MIZUNO JPX EZ FORGED irons deliver explosive distance and the same effortless flight and tight dispersion of the JPX-EZ, but with the soft, solid feel of Mizuno's exclusive Grain Flow Forging process from 1025E carbon steel.
The style of the Mizuno JPX-EZ Forged has become very popular over the last few years, because it offers what many golfer are looking for: feel, looks, performance and forgiveness.
It is because of these features that the JPX-EZ Forged can be appealing to a variety of handicaps - but with the multi-thickness CORTECH face, the ball speed across the face has been increased from previous models, which allows for maximum distance.
Mizuno’s JPX-EZ Forged iron is a departure from the company’s traditional chrome and satin-finished iron. I'm a big fan of the black-nickel plating that gives the irons a dark finish and bursts of bright orange in the cavity that begs a closer look. The dark gun-metal finish is a nice touch. It's different and not something I'd necessarily expect from Mizuno.
The cavity is not as big as the standard JPX-EZ iron, which won our under £400 iron test, but it's certainly not as classic in its design as the MP irons designed for better players.
The subtle differences between both new JPX ranges are that the Forged offering has a varaible thickness on the face which is thinner in the middle and thicker on the outside.
It's a very soft feeling iron, despite the aggressive looking cavity back on offer, but nothing like an MP iron. Sound at impact through Mizuno's innovative Harmonic Impact Technology provides a soft, yet crushing blow at impact. It's more of a 'pop' sound at impact like the MP-54.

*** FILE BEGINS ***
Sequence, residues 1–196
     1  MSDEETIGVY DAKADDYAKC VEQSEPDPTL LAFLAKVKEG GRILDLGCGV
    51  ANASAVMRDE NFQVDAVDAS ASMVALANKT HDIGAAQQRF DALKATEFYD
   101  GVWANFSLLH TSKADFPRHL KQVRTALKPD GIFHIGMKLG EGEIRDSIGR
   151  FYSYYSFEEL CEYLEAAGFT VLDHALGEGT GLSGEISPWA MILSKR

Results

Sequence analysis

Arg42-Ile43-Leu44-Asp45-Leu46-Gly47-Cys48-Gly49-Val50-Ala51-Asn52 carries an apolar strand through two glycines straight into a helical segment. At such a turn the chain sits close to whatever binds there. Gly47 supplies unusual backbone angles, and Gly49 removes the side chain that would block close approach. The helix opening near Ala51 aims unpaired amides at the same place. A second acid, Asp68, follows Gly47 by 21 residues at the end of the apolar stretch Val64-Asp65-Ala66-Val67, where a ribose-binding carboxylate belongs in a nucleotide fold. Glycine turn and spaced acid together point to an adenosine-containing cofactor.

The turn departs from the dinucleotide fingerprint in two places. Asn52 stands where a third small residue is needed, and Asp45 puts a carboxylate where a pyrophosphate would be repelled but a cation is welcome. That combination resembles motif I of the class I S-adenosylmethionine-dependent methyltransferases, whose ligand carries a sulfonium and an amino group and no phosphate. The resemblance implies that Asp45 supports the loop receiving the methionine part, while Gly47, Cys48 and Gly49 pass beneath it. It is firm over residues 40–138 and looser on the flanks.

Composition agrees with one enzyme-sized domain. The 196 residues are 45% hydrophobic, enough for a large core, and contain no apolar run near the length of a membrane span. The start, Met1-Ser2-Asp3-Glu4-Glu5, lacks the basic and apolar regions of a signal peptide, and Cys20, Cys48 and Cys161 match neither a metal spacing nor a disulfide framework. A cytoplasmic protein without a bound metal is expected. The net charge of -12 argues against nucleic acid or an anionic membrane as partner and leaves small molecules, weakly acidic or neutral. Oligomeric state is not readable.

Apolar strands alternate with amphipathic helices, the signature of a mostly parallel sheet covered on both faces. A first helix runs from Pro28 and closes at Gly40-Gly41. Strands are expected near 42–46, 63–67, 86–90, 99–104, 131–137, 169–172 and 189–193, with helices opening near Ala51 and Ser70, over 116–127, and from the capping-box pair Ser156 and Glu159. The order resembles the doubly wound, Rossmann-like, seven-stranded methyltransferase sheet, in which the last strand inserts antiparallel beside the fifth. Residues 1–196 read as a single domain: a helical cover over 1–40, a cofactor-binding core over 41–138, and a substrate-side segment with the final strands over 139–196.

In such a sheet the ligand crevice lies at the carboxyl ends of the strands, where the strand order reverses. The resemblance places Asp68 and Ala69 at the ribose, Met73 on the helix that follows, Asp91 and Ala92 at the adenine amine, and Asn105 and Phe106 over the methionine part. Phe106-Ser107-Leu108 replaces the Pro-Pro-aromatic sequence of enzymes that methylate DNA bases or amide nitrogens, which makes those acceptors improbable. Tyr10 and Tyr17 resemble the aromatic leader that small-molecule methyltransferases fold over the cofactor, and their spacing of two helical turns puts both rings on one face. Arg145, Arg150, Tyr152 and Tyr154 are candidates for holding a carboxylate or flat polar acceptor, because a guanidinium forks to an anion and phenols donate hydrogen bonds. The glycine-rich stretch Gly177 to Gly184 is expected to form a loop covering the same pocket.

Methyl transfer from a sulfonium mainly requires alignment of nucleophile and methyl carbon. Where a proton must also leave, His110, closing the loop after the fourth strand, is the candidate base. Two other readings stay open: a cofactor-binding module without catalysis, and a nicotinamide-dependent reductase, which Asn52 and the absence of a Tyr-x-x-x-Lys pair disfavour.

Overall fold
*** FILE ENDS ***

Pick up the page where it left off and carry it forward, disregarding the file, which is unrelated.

Mizuno has installed a new, lighter shaft that felt very responsive. The standard True Temper XP 105 is a shaft I feel works best for the entry level player with slower swing speeds.
The fiery orange colour choice becomes particularly apt given the hotness off the face. Terrific launch angles, to be expected by the 28-degree on offer, and above-average distance.
Not as forgiving as the maximum game improvement JPX-EZ iron but forgiving enough and a little longer. Decent workability on offer, too.
Easy to keep the ball low under the wind, and easy to work a draw. The slight offset favours a right-to-left shape and should help players that tend to lose the ball to the right in the air. That's not quite as easy on the standard JPX-EZ.
The difference in performance between both JPX-EZ and JPX-EZ Forged varied little, but personal preference would be for the Forged range given it provides a little more workability and solid ball striking across the board.
Higher handicappers should get involved with the standard JPX-EZ version, as there's value to be had. Players looking to become better players should get involved with the Forged offering. There's a little more workability to be had here.
Click here for Mizuno JPX-EZ Forged iron owner reviews. Click this link to see how the JPX-EZ Forged performed in our 10 of the Best: Game Improvement Irons over £400 test.